Paula Nelson is grappling with the problems of making the Prison more of an attraction in a challenging environment. She has in mind, for example, a sound and light show, utilizing its vast areas of walls.
As mentioned, the only ready access for visitors wishing to explore the prison is through the main gate on the western side. Pedestrian and vehicle access is not easy and, as I mentioned, the Prison gates and associated buildings are almost invisible from a stroll along Parry Street. The carparks in the upper and lower levels are not part of the Prison site. They fall under the control of the City of Fremantle. The Prison is under the control of the Department of Planning, Lands and Heritage. The problem of improving the physical and visual links between the Prison and the city is one that will involve both the State government and the City of Fremantle and significant expense. Andrew Sullivan, Deputy Mayor of Fremantle (at the time when I spoke to him) points to the many heritage buildings within the City of Fremantle and the many demands on the City’s revenues. Paula Nelson is well aware of the problem of funding ongoing maintenance. The Prison and its walls comprise about 20 separate buildings, almost all built in the 19th or early twentieth century. Many of the buildings and almost all of the walls were built from limestone quarried at the site. My walk around the outskirts revealed to my non-expert eye the ravages of time and weather. Inside those walls there is much to be done to maintain or refurbish floor boards, ceilings, plumbing and electrical wiring.
It’s easy to be pessimistic about the Prison. It’s a grim place with a grim history. There are many challenges, not just the improvement of the physical and visual connection between the Prison and the city, but in increasing the sense of ownership and involvement within the Fremantle community. There was a time when those inside needed to tunnel under or climb over the walls to get out. The challenge now is to find new ways of getting in, not just in a physical sense but on a spiritual and aesthetic level. The city has a thriving and innovative cultural life. The Prison has hosted concerts and dramatic performances and has its own art gallery. It may be that it will be in those areas that the Prison becomes more integrated into the community in which it, presently, rather sullenly sits. The sound and light show envisaged by Paula Nelson sits very neatly into that cultural scenario. The heritage requirements of the site are, of course, paramount but for the Prison to be more than a grim monument to a harsh and occasionally brutal penal system, ways should be found to give it another, more vital and thriving presence in the community.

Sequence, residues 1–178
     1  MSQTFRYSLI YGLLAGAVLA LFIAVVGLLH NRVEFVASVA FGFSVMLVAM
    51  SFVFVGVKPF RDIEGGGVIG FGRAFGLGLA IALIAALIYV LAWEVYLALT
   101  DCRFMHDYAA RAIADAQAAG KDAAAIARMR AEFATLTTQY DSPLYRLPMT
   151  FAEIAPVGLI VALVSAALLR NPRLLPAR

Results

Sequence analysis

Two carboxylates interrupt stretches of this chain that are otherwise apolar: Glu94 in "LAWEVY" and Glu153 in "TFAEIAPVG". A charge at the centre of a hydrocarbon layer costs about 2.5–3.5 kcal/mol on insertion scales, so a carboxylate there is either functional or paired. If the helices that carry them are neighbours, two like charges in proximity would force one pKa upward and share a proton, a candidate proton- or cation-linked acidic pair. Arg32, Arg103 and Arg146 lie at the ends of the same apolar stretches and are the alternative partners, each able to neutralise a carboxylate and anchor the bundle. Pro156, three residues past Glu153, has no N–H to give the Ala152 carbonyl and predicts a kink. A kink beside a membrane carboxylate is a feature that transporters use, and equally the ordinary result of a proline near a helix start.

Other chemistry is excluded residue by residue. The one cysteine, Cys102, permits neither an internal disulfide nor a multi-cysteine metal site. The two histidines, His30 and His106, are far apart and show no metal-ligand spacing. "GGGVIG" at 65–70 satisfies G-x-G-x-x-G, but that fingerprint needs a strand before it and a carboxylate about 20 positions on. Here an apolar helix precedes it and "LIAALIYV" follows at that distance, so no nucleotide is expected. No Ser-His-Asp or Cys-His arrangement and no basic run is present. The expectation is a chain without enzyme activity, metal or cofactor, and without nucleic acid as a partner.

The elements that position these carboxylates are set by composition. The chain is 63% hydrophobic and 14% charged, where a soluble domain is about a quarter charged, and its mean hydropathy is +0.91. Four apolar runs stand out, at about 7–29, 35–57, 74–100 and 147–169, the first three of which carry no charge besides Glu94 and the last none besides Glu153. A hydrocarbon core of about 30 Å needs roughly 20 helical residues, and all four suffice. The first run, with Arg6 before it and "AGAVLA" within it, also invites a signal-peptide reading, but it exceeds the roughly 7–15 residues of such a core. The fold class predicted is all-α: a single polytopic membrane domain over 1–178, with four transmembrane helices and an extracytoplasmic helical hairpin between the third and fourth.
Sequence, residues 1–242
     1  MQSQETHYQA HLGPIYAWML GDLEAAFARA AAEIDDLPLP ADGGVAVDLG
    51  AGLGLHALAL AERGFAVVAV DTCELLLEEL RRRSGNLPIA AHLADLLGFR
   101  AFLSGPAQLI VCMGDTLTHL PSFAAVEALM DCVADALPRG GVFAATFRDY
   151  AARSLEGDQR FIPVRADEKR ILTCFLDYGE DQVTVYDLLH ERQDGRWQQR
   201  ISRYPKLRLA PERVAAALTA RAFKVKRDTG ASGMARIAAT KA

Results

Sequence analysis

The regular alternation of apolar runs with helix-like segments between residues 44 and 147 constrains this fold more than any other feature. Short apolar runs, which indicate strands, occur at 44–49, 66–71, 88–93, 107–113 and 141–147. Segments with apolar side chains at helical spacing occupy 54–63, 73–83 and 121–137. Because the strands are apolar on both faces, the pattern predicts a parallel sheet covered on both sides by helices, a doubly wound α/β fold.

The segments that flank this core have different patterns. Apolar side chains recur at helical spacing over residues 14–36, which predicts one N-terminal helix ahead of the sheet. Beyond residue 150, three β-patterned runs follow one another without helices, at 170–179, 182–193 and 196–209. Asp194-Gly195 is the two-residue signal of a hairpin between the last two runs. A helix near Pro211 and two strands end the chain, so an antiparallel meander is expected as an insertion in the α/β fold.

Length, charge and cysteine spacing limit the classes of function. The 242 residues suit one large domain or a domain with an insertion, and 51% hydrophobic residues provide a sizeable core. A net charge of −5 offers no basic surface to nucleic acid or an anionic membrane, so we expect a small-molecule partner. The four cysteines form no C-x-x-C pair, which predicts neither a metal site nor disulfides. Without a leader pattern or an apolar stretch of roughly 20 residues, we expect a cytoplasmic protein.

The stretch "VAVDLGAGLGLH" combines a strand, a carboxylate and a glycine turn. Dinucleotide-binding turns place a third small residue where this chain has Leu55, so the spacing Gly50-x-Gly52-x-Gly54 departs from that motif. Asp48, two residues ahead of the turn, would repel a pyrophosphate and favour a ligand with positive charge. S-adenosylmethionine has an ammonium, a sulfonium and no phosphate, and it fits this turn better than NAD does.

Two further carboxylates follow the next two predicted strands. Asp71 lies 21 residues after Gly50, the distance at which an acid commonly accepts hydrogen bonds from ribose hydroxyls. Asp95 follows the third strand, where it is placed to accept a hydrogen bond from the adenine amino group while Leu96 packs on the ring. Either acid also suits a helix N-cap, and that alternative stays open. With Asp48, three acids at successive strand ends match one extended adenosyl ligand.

Perhaps the Prison may have a role in the hospitality industry. As I’ve noted, it already does. The presence of the YHA hostel is not prominent to a casual visitor like me but you can find it, complete with photographs and reviews on the likes of Wotif and Tripadvisor. There are already a number of very fine hospitality establishments – B and B’s, hotels, small and large, and the like not far from the Prison. There are more on the drawing boards. It may be that the Prison has a role to play in that scenario. The pandemic has its own challenges but we will settle down to a new and different normal. The Prison can be part of that new normal but only if innovation and creativity allow it to be more than a gradually deteriorating monument.